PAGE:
CR: It’s in all different relationships. I am always interested in the human condition and the psychology of people. A lot of the literature that I like to listen to, or read, breaks down to those key elements about the natural instincts of humans. Maybe it allows me to forgive, because I recognize that it’s very easy to abuse when you have power. And I don’t want to be like that. I think about that often and also about ways that we could move beyond those positions.

BE: Your ability to see water is very profound, specifically your treatment of light with water. I love reading about your descriptions of water as a metaphor, and water memory and water work. And I was very inspired to learn that you didn’t grow up swimming, but it’s now a part of your daily life.

Calida Rawles, Yesterday Called and Said We Were Together, 2019; acrylic on canvas, 48 by 60 inches. Courtesy Various Small Fires.

CR: I love water. I have not been swimming a lot since the pandemic. I just haven’t gotten back into my routine yet, but it’s very therapeutic for me. I need it and it’s time for me to go back because I’m getting on everybody’s nerves in my house. [laughter]

Because I didn’t grow up swimming, the first second I get in the pool is always a little frightening. But then I get into it and I’m fine. It is about being comfortable in something that is larger and bigger than you. It’s about trusting your body and relaxing in something you can’t control. And if you take that on and think about it, that sensation is embedded in all of my work. Of trusting this space and place that we don’t have control of and realizing there’s a higher power that you just have to believe in and keep going. That thought process is what keeps me going even today. When you look at the news and what’s happening with the world and government, you can become so scared. Any time that I start to think, oh, this is all too much, I think of my ancestors. In my studio, I keep a picture next to my desk of my mom’s great grandparents: Burton Payne and Martha Turner Payne. They were born in 1827 and 1833. I look at this picture every day. I can’t imagine being born in 1827, and they lived a long time, too, because Burton lived until 1922 and Martha lived until 1933. They’re smiling in this picture. When you think of Black people born in 1820-something or 1830, there’s an idea in my mind that they wouldn’t want to smile.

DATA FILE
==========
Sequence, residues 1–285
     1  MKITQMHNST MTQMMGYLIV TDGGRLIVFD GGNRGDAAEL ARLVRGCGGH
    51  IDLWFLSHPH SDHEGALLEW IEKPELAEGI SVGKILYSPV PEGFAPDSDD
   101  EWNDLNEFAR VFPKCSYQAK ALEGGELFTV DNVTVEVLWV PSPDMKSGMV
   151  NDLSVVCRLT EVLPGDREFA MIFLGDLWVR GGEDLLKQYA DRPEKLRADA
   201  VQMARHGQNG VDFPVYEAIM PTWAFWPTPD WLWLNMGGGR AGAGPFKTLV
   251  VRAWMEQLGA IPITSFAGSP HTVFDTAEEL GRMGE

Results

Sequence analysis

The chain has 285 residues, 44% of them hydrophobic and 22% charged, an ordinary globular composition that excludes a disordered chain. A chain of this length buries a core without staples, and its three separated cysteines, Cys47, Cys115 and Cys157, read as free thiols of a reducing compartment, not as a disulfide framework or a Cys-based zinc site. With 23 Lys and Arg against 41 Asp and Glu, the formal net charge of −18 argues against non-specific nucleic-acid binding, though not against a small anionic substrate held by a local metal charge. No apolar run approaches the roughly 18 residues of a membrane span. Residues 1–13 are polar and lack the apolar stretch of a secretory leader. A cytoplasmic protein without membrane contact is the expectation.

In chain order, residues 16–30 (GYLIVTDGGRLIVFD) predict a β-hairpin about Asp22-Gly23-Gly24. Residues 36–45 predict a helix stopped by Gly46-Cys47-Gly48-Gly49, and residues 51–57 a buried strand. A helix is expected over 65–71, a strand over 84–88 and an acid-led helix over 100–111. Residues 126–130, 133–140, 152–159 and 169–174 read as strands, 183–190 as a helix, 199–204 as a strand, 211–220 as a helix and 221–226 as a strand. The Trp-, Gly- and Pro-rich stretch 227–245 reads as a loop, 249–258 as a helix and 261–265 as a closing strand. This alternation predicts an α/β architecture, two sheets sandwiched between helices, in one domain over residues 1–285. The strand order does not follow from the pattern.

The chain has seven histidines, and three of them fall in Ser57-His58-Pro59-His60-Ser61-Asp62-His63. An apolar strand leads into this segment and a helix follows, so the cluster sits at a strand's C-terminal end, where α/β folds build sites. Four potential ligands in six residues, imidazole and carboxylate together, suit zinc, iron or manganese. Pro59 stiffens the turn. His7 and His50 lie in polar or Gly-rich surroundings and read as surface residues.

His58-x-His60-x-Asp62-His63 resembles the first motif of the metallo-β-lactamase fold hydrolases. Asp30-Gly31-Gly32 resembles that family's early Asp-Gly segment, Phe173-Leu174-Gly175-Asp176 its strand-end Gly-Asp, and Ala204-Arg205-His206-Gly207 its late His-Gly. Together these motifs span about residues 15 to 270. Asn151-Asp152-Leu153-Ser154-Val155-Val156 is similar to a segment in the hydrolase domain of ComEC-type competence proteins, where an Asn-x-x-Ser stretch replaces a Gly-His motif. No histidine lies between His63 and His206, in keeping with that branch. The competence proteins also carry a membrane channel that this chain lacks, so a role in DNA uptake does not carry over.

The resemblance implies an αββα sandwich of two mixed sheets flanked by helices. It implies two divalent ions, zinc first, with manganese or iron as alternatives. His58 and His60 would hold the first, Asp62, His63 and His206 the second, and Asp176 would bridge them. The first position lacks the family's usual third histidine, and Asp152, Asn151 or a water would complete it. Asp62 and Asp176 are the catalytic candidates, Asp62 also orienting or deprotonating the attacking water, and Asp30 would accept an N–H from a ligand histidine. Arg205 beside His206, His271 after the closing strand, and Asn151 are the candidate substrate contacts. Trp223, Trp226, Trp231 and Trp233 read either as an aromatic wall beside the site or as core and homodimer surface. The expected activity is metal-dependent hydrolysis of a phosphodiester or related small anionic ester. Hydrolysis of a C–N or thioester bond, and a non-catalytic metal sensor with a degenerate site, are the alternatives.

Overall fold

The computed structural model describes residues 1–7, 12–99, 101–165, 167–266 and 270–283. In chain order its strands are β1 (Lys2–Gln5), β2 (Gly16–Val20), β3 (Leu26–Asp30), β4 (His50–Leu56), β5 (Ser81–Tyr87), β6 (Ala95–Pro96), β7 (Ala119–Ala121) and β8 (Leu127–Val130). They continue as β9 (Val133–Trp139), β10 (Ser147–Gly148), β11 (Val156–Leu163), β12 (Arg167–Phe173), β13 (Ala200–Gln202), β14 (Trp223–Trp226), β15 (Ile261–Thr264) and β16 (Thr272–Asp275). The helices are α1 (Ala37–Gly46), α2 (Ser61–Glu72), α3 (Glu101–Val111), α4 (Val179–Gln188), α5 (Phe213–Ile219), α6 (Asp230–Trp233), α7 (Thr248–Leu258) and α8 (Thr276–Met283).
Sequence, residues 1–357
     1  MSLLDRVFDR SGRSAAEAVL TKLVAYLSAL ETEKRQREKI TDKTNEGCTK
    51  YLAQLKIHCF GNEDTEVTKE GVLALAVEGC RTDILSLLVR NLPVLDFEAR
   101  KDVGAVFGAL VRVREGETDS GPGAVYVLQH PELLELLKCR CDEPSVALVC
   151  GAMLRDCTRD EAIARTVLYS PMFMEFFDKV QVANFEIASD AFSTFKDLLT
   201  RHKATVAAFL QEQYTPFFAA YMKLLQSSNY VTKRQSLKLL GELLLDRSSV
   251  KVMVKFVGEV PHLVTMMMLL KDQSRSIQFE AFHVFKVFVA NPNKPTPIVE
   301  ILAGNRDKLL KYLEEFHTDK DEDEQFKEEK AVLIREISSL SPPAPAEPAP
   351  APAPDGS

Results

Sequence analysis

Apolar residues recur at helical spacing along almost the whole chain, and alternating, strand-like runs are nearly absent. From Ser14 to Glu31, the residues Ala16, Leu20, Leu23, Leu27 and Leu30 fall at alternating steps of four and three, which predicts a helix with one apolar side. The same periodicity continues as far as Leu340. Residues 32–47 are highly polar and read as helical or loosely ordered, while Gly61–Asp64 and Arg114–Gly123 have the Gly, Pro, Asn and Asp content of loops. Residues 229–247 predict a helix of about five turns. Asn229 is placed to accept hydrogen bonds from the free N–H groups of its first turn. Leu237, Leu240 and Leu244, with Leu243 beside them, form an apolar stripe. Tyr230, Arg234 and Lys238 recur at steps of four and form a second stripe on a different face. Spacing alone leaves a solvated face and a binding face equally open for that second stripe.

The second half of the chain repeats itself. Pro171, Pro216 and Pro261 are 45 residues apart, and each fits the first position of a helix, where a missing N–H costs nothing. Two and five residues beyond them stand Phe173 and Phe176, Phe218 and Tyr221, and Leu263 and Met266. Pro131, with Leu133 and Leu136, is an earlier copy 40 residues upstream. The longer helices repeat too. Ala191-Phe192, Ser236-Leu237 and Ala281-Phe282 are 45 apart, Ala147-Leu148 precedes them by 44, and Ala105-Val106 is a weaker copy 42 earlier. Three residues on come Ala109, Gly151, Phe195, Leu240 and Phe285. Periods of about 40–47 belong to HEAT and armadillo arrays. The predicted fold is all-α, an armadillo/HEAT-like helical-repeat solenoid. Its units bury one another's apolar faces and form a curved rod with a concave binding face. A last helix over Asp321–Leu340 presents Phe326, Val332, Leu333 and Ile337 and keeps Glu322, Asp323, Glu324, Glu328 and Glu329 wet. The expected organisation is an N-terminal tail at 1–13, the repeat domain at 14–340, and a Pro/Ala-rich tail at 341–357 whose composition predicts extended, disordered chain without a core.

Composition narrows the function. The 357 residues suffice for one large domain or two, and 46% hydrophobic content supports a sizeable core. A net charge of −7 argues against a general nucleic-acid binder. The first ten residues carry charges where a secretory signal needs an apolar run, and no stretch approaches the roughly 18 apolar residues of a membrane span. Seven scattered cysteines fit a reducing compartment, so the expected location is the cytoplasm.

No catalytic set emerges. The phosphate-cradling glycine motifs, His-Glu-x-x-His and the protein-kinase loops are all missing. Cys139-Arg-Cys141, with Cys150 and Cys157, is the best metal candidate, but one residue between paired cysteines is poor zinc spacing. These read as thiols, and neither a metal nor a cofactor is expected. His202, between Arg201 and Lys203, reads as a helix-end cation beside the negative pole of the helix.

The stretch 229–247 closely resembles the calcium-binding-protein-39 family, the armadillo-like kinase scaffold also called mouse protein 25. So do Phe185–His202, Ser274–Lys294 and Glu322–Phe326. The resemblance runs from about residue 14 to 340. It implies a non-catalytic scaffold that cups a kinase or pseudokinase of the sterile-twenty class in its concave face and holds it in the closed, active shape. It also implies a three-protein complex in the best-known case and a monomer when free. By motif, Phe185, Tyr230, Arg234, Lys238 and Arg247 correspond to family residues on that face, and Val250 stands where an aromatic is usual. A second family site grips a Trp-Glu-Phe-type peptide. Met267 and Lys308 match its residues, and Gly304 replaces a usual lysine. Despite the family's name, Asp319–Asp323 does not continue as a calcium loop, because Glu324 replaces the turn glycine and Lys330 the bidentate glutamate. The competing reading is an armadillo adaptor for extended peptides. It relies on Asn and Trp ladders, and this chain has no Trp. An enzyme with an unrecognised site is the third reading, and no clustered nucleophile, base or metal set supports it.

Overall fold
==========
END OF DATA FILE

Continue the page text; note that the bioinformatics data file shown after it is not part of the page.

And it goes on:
But they’re smiling and together. They had hope. They were married. They made a family. I’m their descendant, and I can’t even begin to imagine what they went through in their daily lives, but they had faith enough to keep going. I look at this lineage that I come from. What do I have to complain about? What do I have to be afraid of? Not much. I am a blessed human being to be born in this time where I can voice how I feel without major repercussions. I can paint during the day as an occupation. I have control of what I do on a daily basis. I am living in blessings. When I think about that, I know we can make it through. We got this. Which isn’t to say that people don’t want to set us back, but we’re starting from here. And that gives me hope.